Ever feel like an insanely high powered laser could solve your problems? Fusion researchers sure do! And now, they may have the blueprint they have been searching for. New theoretical work indicates it could be possible to build a laser that heats materials to temperatures hotter than the center of the sun — within a millionth of a millionth of a second.
Fusion, the nuclear reaction that powers the stars, occurs when hydrogen atoms slam together at approximately ten million degrees Celsius to form helium. In theory, the production of energy via atomic fusion could be self-sustaining and virtually limitless. But first things first, we need an efficient way to heat materials up to those crazy hot temperatures.
The new method — if viable, nobody's built this laser yet — would heat atoms about 100 times faster than rates achievable in fusion experiments at Lawrence Livermore National Laboratory, home to the world's most high-powered laser system. Published today in Nature Communications, the discovery exploits laster-induced "electrostatic shockwaves" that, if paired with the right material, are able to heat up ions directly.
When you shine a laser on something to warm it up, what you're really doing is transferring energy to some of the electrons in the material. These electrons, in turn, pass energy to the charged atoms (called ions) that make up the bulk of the matter. But if we could cut out the middleman and heat up ions directly, we may be able to achieve the extreme temperatures required for fusion much more quickly.
One side effect of beaming a high-intensity laser at a material is the production of "electrostatic shockwaves." For a long time, physicists have been aware that these shockwaves cause ions to accelerate without getting any hotter. But using advanced supercomputer modelling, the team behind the new study shows that it should be possible to generate a shockwave that heats ions in a solid lattice directly.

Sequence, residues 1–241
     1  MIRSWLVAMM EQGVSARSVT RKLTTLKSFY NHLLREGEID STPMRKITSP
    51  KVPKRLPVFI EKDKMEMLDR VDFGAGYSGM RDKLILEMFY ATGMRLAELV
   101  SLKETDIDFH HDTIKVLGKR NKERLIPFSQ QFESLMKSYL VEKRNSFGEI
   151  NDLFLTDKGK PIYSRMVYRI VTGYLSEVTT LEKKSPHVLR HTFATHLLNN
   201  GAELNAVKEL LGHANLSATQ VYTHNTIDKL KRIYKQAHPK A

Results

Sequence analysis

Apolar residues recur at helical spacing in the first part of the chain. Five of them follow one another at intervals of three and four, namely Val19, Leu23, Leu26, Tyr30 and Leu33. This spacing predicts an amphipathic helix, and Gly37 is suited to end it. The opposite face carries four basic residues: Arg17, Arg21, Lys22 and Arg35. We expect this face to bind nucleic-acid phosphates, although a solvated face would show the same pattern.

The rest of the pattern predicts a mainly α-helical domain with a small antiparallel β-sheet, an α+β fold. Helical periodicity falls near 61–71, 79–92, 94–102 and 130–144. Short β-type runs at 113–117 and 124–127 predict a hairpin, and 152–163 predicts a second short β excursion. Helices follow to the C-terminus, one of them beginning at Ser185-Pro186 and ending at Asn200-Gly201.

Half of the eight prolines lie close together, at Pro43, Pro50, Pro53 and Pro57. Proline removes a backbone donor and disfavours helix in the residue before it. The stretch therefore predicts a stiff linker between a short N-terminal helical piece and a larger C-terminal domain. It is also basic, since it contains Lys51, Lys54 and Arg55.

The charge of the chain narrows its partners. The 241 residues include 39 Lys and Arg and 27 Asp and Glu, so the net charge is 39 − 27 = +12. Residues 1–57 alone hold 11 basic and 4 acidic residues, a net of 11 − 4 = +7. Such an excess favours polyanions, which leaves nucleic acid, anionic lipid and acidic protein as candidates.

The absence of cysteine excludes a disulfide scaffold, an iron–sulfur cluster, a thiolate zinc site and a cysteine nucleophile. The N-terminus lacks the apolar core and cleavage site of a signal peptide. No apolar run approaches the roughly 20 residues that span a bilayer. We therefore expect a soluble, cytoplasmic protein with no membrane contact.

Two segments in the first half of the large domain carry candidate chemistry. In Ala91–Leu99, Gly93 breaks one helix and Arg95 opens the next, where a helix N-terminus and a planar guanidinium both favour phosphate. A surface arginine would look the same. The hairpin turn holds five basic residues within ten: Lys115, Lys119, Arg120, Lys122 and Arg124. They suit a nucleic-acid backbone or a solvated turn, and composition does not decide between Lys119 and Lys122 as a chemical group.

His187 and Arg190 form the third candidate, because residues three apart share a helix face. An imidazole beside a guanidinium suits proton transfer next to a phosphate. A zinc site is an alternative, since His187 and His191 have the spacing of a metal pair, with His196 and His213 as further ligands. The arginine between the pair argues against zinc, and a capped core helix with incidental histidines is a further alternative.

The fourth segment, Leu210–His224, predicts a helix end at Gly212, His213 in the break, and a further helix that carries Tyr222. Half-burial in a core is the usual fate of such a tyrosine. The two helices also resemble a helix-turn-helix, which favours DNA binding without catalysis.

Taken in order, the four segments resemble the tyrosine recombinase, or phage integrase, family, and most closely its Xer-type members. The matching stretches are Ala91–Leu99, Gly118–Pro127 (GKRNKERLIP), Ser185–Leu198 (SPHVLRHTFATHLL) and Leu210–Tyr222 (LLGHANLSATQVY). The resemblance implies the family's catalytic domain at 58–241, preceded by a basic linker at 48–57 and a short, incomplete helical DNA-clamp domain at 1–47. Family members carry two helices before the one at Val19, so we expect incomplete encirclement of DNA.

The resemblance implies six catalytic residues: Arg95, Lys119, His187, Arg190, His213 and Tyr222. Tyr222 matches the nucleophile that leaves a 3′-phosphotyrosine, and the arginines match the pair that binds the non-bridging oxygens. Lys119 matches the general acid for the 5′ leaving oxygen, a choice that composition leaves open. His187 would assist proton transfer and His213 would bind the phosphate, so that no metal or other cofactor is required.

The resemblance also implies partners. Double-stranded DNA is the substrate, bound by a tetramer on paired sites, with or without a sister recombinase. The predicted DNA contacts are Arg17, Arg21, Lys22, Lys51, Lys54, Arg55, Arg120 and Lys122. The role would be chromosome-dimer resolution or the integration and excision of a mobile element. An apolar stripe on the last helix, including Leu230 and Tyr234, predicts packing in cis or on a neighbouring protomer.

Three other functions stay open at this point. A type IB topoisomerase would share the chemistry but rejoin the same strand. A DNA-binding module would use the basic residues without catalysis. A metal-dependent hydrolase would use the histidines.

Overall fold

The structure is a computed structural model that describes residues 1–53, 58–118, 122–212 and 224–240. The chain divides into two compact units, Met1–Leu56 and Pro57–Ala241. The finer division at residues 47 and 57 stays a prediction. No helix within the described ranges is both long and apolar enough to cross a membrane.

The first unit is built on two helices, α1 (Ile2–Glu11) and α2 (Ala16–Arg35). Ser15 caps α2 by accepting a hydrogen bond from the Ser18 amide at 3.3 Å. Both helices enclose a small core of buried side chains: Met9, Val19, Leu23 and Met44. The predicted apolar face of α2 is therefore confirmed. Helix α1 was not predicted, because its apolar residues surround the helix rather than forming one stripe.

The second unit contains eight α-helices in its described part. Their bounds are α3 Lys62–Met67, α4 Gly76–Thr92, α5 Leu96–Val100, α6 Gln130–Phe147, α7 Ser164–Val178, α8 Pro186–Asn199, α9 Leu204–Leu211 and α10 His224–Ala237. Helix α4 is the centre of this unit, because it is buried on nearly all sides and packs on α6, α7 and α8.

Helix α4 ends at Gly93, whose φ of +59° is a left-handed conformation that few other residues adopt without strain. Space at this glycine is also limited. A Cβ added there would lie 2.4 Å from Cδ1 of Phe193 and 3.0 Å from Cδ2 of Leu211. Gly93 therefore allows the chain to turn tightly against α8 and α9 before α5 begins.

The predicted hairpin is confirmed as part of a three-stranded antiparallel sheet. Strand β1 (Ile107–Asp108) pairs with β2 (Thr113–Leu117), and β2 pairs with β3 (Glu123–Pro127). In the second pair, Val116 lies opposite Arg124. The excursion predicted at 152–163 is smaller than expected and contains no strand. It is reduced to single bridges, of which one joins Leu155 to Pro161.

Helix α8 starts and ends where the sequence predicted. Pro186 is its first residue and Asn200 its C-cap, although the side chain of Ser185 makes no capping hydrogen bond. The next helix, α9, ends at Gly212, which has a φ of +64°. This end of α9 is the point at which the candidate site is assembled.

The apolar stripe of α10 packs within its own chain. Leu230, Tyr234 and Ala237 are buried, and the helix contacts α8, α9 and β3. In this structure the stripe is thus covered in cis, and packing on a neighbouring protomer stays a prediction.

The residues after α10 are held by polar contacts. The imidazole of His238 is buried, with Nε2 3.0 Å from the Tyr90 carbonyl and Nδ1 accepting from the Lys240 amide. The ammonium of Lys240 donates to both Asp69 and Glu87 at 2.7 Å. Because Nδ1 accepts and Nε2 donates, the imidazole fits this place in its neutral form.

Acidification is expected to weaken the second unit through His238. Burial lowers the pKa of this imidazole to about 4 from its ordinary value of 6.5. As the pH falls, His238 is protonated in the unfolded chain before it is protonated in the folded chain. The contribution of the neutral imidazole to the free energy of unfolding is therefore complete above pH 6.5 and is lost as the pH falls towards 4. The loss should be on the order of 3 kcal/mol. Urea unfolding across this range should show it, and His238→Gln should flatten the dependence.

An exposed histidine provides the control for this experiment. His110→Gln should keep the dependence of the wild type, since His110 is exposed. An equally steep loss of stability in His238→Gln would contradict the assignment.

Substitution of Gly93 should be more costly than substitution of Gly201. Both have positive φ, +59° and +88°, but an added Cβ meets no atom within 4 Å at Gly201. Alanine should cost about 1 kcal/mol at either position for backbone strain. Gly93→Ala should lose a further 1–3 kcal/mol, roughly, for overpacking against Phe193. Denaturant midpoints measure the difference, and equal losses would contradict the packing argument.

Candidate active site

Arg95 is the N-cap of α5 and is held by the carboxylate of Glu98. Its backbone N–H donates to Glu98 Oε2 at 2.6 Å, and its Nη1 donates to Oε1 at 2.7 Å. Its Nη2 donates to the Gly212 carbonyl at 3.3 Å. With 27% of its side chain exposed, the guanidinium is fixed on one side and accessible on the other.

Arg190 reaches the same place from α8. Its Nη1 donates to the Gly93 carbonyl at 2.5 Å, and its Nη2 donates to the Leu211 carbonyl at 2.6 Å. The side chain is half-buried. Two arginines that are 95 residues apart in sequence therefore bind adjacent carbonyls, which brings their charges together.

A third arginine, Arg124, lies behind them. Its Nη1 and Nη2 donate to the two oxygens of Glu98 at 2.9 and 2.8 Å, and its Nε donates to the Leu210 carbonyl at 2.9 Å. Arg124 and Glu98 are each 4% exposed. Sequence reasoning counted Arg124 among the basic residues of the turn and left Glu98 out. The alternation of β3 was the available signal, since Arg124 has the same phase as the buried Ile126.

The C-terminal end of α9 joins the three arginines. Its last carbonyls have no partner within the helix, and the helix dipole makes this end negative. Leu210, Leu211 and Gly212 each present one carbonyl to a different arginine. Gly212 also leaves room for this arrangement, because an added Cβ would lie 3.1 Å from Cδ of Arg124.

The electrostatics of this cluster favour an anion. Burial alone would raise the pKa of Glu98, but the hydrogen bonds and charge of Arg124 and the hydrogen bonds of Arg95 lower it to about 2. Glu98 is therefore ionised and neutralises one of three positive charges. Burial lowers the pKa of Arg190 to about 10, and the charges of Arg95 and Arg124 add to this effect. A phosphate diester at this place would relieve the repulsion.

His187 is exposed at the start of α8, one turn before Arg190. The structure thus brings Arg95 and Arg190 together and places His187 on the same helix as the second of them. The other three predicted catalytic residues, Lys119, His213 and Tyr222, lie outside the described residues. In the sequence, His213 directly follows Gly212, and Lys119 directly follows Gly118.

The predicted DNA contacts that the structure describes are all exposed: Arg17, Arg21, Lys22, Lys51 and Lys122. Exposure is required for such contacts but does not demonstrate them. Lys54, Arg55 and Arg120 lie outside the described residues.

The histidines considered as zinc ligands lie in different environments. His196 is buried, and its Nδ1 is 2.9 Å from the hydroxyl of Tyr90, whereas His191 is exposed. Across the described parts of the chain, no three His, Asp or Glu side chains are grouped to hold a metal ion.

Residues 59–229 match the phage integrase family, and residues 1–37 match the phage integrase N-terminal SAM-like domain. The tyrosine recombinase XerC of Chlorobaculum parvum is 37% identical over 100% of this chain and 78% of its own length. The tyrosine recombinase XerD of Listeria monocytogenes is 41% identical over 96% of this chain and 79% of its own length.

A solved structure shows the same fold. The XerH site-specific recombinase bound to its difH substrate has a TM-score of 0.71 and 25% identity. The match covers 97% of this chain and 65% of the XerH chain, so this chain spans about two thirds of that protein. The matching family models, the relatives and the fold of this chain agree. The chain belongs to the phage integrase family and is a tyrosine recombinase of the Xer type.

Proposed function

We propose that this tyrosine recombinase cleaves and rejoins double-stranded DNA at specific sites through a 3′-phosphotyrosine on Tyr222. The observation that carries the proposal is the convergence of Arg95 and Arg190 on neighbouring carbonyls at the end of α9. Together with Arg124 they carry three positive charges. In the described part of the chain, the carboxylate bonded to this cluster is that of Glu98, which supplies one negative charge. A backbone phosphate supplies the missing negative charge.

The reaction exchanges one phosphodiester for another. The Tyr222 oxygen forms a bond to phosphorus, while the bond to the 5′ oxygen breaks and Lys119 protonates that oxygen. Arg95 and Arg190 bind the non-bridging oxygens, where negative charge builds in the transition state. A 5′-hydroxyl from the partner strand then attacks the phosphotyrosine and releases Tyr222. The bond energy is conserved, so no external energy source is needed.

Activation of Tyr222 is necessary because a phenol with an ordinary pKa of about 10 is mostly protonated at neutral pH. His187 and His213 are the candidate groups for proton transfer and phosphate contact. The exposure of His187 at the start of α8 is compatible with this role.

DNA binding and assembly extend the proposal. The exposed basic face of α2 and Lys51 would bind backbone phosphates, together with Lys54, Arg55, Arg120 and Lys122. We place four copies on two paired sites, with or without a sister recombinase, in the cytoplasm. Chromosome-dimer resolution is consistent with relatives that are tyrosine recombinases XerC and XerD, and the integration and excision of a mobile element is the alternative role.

To do so, you need a dense material that contains different types of ions that accelerate at different speeds. This produces friction, which in turn causes the entire solid material to heat up very, very fast.
"It's a completely unexpected result," lead study author Arthur Turrel said in a statement. "One of the problems with fusion research has been getting the energy from the laser in the right place at the right time. This method puts energy straight into the ions."
Sure, but will the new discovery actually contribute to the development of fusion power? We've been hearing about this boundless, just-over-the-horizon energy source for decades, and it's easy to get a bit cynical.
"If, and this is a big if, the mechanism can be applied to solid targets as employed in inertial fusion experiments, it may prove very important," University of Minnesota physicist James Kakalios, who was not involved with the study, told Gizmodo.
I guess that means we'll have to wait and see. In the meanwhile, the race is on to build the world's most epic laser. Just another day in physics.
[Read the full scientific paper at Nature Communications h/t Imperial College London News]
Top image: Our glorious Sun, via NASA/JPL-Caltech/GSFC/JAXA